Premiere of “On the Threshold of Winter” by Michael Hersch – June 25 at BAM

June 25, 2014, at the Brooklyn Academy of Music (Fishman Space)
7:30pm

Feature article on Michael Hersch in the New York Times

BAM webpage with info and tickets link

video interview with Miranda Cuckson about Michael Hersch’s music

 

Nicholas Cairns

A new monodrama by Michael Hersch, text by Marin Sorescu
“On the Threshold of Winter”

directed by Roger Brunyate

soprano: Ah Young Hong
conductor: Tito Muñoz
violin: Miranda Cuckson
cello: Julia Bruskin
flute: Susan Palma-Nidel
oboe: Arthur Sato
clarinet: Vasko Dukovski
bass clarinet: Benjamin Fingland
piano: Michael Sheppard
percussion: Matthew Gold

 

Michael Hersch’s newest work is an opera in two acts (ca. 2 hours). Scored for soprano and ensemble of eight, the piece follows the trajectory of Marin Sorescu’s wrenching final work The Bridge, in English translation from the original Romanian. Sorescu [1936-1996], suffering from terminal cancer, wrote The Bridge during a period of barely a month, mostly in hospital, at the end of his life.

Hersch writes:

Completed in 2012, On the Threshold of Winter is my first work for the stage. The search for a text, however, began in earnest much earlier. For various reasons the novels, short stories, plays, biographies, etc., which I had contemplated over the past two decades all in the end proved unworkable to me, primarily due to my own shortcomings. I felt incapable of bringing a musical dimension to each of the works in question. It wasn’t until 2010, when I encountered Adam Sorkin’s and Lydia Vianu’s translation of Marin Sorescu’s devastating last work, The Bridge – which chronicles the final weeks of Sorescu’s unsuccessful battle with cancer – that I knew I had finally found the material I wanted to work with. I did not know of Sorescu before reading this text. I knew nothing of his other work or his history. I simply knew that this slim volume struck and remained with me in unexpected ways.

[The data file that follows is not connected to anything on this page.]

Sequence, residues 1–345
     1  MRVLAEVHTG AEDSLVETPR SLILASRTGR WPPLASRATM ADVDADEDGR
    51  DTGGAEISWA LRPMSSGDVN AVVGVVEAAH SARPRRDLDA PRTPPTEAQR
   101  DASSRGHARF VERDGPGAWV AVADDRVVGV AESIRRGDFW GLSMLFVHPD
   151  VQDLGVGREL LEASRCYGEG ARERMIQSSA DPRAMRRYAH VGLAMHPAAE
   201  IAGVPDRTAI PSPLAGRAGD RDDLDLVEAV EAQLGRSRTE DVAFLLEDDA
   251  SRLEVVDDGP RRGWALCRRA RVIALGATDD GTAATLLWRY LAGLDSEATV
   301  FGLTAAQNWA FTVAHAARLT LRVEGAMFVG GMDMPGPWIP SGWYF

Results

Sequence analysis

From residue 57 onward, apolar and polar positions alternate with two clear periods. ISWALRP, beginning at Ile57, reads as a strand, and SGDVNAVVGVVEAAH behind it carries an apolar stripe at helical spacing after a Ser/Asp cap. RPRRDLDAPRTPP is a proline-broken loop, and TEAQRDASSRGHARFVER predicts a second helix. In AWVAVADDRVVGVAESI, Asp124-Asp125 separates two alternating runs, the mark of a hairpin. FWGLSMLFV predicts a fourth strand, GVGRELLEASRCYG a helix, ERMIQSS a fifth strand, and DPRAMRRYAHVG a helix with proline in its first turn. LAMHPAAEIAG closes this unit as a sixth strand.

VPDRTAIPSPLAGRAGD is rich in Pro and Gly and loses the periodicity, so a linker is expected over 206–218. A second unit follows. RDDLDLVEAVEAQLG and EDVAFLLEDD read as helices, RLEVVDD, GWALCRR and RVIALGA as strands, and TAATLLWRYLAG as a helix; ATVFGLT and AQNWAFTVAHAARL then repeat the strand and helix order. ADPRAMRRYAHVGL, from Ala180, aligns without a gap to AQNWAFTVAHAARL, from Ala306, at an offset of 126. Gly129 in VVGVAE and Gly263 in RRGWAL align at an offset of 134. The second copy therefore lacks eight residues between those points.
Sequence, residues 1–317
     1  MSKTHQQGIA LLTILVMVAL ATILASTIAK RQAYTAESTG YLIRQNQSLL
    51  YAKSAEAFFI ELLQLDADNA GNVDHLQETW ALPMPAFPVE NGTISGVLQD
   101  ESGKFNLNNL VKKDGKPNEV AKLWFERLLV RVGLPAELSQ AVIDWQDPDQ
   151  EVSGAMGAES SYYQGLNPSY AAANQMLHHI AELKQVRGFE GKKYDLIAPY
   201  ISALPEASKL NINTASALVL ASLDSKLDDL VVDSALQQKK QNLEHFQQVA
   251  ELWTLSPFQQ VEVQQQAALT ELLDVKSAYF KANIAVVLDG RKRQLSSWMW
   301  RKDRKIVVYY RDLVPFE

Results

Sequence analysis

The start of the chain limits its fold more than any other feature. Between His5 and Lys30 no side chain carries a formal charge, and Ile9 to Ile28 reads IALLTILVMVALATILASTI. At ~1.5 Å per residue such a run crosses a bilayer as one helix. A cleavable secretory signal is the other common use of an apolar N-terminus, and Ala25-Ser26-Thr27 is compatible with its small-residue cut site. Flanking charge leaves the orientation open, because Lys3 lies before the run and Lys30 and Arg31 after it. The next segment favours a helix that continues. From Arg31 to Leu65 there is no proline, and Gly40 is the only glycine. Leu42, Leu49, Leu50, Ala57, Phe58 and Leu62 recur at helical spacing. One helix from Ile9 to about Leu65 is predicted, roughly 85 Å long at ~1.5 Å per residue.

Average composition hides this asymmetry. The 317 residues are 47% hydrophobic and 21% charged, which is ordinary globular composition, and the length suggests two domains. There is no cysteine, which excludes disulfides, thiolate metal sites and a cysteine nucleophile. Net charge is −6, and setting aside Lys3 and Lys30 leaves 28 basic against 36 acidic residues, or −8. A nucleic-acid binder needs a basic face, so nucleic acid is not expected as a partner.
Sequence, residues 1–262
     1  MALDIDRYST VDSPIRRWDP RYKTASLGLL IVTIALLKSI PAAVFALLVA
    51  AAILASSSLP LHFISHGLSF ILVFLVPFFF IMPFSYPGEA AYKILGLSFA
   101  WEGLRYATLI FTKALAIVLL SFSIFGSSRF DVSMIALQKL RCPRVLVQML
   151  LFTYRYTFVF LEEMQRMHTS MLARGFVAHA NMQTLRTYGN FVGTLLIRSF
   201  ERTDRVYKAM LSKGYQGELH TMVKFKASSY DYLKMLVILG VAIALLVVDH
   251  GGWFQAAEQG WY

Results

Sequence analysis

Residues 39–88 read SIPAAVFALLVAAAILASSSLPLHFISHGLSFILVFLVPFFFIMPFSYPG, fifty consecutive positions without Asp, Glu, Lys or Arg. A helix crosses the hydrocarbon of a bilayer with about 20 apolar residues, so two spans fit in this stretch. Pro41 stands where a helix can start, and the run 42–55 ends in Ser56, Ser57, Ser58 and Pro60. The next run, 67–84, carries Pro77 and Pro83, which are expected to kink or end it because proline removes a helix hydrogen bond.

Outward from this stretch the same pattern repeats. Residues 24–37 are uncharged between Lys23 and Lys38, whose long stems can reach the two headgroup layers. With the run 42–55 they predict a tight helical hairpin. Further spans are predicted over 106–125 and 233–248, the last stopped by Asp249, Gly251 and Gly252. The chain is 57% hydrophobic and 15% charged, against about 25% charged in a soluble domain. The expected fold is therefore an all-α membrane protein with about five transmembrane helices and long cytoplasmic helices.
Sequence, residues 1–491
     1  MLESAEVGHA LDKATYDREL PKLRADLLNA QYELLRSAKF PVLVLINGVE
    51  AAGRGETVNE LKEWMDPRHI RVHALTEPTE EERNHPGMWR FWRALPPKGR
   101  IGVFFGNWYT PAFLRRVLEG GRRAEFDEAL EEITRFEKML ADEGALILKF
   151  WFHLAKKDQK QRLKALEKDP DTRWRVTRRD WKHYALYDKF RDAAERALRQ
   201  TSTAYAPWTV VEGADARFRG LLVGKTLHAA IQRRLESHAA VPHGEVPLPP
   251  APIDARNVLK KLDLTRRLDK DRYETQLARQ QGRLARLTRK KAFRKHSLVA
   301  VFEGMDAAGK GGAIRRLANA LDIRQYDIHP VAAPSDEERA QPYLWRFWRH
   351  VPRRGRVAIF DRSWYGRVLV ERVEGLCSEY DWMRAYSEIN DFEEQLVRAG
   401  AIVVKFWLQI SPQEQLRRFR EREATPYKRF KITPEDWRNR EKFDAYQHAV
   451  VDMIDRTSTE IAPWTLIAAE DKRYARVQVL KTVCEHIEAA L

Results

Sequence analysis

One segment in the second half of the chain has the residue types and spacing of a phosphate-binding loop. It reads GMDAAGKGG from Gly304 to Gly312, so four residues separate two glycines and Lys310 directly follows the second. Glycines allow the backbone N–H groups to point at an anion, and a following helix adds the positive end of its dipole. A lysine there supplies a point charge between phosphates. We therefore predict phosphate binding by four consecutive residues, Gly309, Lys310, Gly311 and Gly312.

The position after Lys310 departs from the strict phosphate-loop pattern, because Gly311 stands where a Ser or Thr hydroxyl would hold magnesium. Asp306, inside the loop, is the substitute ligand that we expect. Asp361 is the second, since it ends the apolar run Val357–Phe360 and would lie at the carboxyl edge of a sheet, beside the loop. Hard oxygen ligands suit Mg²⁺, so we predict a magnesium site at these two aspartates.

pic_NRD_052812_hersch

In the words of co-translator Adam J. Sorkin, “These poems … expressions of doubt, reluctant faith, protest … are a testament not just to human mortality and pain, but to resistance and triumph, a creative transformation of the struggle to accept fate and in the same breath attempt to defy its imminent finality … I suspect though, that there is no way to be immune to the harrowing content, even if one tries. The volume progresses chronologically from the beginning of November 1996 onward. A mere five weeks. Most of the poems are dated, and the inexorable momentum of poem after poem toward Sorescu’s death seems to make the book something like a medieval tableau, a dance of death arranged as a procession of still living poems.”
 (artwork above by Nicholas Cairns)